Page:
Collision Coverage and the Right to Subrogate for No-Fault Accident
With no-fault collision insurance coverage, the insurance company pays for your car repair damages, regardless of who was at fault for causing an accident. Depending on a state’s statutes and case laws, insurance companies may or may not have the right to subrogate (be reimbursed for covering damages) by suing an at-fault third party (individual responsible for causing the accident). North Carolina is not a no-fault insurance state. However, in Virginia, which does have no-fault insurance, the policy holder also has the right to sue the at-fault party.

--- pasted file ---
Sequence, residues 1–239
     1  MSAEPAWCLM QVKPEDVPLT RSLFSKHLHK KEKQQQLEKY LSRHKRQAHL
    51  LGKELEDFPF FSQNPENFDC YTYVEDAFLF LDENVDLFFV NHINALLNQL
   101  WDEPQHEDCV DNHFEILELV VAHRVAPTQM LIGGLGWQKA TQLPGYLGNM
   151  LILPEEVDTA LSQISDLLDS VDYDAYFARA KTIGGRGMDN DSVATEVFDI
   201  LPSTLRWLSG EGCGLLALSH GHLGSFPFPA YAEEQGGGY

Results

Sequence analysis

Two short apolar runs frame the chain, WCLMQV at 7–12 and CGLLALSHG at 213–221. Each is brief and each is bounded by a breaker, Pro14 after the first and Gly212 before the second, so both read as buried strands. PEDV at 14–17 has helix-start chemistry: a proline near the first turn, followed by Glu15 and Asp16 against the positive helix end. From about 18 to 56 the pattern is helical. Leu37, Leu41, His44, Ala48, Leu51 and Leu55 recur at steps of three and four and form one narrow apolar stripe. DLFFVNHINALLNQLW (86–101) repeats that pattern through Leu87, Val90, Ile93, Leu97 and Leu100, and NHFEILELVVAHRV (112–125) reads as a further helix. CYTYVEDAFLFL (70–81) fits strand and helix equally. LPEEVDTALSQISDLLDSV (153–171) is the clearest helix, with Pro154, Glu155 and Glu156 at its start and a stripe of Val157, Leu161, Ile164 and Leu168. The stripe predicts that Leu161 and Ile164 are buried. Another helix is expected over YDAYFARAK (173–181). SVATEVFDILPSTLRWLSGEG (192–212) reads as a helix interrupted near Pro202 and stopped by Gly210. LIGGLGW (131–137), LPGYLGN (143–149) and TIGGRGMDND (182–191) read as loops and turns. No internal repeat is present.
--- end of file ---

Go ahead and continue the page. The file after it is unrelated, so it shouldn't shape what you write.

Under Virginia statute § 4.47 Subrogation Rights, Virginia courts allow subrogation "to prevent the unjust enrichment of plaintiffs who would otherwise be doubly compensated." However under the same statute, any insurance policy that provides hospital, medical, surgical and similar related benefits is not subject to subrogation. This means that the insurance company can subrogate for collision damages, but not for bodily injury damages. If you carry collision insurance and you sue the other driver and receive compensation for car damage, and your insurance company already paid you for collision damages, it can subrogate to recover compensation from the money you received from the third party.